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Securing personal freedom through institutions – the role of electoral democracy and judicial independence

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  • Berggren, Niclas
  • Gutmann, Jerg

Abstract

Personal freedom is highly valued by many and a central element of liberal political philosophy. Although personal freedom is frequently associated with electoral democracy, developments in countries such as Hungary, Poland, Turkey and Russia, where elected populist leaders with authoritarian tendencies rule, suggest that electoral democracy may not be the envisaged unequivocal guarantor of freedom. Instead, an independent judicial system, insulated from everyday politics, might provide a firmer foundation. We investigate empirically how electoral democracy and judicial independence relate to personal freedom, as quantified by the new Human Freedom Index. Our findings reveal that while judicial independence is positively and robustly related to personal freedom in all its forms, electoral democracy displays a robust relationship with two out of seven types of personal freedom only (freedom of association, assembly and civil society as well as freedom of expression and information). These are types of freedom associated with democracy itself, but democracy seems unable to protect freedom in other dimensions. When we study interaction effects and make use of more refined indicators of the political system in place, we find that countries without elections or with only one political party benefit more from judicial independence than both democracies and multi-party systems without free elections. A number of robustness checks confirm these findings. Hence, it seems as if personal freedom has institutional correlates in the form of both democracy and judicial independence, with the latter safeguarding freedom more consistently and more strongly.

Suggested Citation

  • Berggren, Niclas & Gutmann, Jerg, 2019. "Securing personal freedom through institutions – the role of electoral democracy and judicial independence," ILE Working Paper Series 23, University of Hamburg, Institute of Law and Economics.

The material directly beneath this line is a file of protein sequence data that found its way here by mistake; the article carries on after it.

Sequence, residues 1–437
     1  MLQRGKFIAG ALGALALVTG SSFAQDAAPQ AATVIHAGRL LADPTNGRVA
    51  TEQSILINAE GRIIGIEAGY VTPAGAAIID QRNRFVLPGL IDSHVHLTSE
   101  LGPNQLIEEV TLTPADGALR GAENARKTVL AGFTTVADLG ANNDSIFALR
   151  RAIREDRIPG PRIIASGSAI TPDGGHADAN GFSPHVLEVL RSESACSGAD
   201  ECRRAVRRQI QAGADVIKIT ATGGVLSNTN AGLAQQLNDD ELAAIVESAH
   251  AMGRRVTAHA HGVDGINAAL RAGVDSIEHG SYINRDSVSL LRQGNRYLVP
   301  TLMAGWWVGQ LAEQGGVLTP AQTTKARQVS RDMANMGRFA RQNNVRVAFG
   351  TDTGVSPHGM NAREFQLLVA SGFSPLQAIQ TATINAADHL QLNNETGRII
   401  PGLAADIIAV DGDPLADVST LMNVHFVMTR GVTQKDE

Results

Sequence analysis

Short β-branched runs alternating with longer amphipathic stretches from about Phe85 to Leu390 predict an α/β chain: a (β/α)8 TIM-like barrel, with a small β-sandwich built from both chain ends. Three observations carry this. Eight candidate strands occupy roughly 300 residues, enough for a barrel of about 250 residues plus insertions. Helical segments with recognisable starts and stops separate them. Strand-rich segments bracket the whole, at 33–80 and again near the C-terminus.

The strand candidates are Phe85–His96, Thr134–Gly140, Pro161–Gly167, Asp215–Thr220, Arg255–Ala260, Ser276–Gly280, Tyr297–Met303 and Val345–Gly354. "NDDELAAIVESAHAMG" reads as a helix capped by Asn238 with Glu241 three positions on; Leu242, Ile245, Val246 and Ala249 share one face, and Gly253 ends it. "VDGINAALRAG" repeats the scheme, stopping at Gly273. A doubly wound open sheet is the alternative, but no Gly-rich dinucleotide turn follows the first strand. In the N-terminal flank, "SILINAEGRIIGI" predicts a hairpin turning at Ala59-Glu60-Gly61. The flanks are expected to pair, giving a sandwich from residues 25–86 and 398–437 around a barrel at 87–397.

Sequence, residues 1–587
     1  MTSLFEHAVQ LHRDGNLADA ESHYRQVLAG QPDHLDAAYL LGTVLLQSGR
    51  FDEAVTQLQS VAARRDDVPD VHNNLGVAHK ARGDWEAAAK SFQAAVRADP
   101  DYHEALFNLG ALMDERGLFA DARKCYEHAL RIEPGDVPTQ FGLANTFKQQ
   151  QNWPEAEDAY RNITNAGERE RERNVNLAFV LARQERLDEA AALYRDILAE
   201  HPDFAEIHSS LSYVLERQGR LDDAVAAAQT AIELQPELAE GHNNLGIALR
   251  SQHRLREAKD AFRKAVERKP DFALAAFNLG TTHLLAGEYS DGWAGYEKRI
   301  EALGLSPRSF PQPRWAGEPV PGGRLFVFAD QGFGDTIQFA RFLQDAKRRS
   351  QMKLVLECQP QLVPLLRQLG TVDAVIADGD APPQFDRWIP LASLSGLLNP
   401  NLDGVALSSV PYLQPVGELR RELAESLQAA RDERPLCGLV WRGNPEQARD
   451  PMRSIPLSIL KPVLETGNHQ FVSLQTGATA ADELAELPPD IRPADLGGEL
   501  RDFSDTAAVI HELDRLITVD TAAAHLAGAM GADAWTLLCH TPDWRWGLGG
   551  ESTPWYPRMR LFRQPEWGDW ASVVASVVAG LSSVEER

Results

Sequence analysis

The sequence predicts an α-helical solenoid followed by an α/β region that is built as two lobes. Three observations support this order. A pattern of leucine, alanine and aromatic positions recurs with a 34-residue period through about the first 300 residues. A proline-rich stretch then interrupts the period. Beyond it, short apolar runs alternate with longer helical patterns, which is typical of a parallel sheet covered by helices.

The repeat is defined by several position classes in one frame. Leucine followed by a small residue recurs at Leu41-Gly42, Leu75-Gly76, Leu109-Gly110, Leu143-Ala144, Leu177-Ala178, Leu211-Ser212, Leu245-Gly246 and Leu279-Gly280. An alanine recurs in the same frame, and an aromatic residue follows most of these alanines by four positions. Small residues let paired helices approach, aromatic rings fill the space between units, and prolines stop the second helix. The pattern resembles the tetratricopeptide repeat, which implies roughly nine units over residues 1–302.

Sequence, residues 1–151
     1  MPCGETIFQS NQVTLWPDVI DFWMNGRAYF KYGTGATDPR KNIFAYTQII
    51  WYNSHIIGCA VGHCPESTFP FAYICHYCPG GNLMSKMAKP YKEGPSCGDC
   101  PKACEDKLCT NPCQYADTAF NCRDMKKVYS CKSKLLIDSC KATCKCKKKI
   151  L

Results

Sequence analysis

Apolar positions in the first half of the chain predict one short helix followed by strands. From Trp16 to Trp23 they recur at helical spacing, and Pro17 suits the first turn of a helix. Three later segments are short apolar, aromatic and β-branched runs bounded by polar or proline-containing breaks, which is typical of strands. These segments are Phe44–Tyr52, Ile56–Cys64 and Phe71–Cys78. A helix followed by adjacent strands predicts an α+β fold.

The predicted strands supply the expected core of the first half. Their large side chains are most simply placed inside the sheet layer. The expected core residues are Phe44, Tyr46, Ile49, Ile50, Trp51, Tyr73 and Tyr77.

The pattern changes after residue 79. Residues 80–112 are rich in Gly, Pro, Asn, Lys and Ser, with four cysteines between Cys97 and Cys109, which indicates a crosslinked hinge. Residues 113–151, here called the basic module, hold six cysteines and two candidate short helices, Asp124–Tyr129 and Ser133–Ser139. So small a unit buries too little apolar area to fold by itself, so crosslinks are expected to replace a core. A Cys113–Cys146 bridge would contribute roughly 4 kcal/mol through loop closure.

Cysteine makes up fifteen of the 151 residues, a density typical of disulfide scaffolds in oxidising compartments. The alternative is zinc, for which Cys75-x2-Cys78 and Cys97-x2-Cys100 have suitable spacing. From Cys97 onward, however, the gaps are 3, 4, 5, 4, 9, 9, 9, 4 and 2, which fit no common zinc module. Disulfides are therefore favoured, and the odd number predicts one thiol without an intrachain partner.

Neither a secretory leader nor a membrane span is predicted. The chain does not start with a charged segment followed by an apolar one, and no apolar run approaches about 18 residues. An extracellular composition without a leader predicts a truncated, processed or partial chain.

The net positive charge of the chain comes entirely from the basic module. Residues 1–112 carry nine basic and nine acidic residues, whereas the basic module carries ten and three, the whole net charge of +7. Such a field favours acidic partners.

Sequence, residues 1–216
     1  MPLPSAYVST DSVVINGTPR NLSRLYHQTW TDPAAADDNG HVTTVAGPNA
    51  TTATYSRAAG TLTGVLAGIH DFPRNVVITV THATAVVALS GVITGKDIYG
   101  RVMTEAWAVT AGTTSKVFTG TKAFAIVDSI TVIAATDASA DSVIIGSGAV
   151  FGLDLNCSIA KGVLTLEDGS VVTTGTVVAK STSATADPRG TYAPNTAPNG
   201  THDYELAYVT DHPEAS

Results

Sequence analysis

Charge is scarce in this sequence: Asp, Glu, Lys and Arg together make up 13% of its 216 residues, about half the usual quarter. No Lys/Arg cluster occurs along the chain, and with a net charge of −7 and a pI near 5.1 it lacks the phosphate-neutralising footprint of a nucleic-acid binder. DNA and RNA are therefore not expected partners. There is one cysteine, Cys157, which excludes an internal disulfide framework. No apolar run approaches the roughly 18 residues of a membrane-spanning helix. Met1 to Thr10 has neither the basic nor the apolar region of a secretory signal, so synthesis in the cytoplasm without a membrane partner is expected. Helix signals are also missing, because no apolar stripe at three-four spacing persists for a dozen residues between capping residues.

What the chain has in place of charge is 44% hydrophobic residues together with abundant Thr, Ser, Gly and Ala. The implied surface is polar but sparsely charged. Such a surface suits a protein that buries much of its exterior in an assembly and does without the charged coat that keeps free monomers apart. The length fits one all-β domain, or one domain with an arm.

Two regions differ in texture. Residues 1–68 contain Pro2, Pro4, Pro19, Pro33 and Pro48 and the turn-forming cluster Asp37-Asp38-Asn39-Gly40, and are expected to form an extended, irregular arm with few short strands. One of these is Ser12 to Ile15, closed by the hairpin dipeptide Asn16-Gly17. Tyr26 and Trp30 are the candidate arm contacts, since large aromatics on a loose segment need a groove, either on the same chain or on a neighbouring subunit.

• Handle: RePEc:zbw:ilewps:23
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    2. Angela Zorro Medina & Camilo Acosta & Daniel Mejía, 2020. "The Unintended Consequences of the U.S. Adversarial Model in Latin American Crime," Documentos de Trabajo CIEF 018406, Universidad EAFIT.

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    More about this item

    Keywords

    Freedom; democracy; judicial independence; political economy; institutions;
    All these keywords.

    JEL classification:

    • D63 - Microeconomics - - Welfare Economics - - - Equity, Justice, Inequality, and Other Normative Criteria and Measurement
    • D72 - Microeconomics - - Analysis of Collective Decision-Making - - - Political Processes: Rent-seeking, Lobbying, Elections, Legislatures, and Voting Behavior
    • D78 - Microeconomics - - Analysis of Collective Decision-Making - - - Positive Analysis of Policy Formulation and Implementation
    • K36 - Law and Economics - - Other Substantive Areas of Law - - - Family and Personal Law
    • K38 - Law and Economics - - Other Substantive Areas of Law - - - Human Rights Law; Gender Law
    • P48 - Economic Systems - - Other Economic Systems - - - Political Economy; Legal Institutions; Property Rights; Natural Resources; Energy; Environment; Regional Studies

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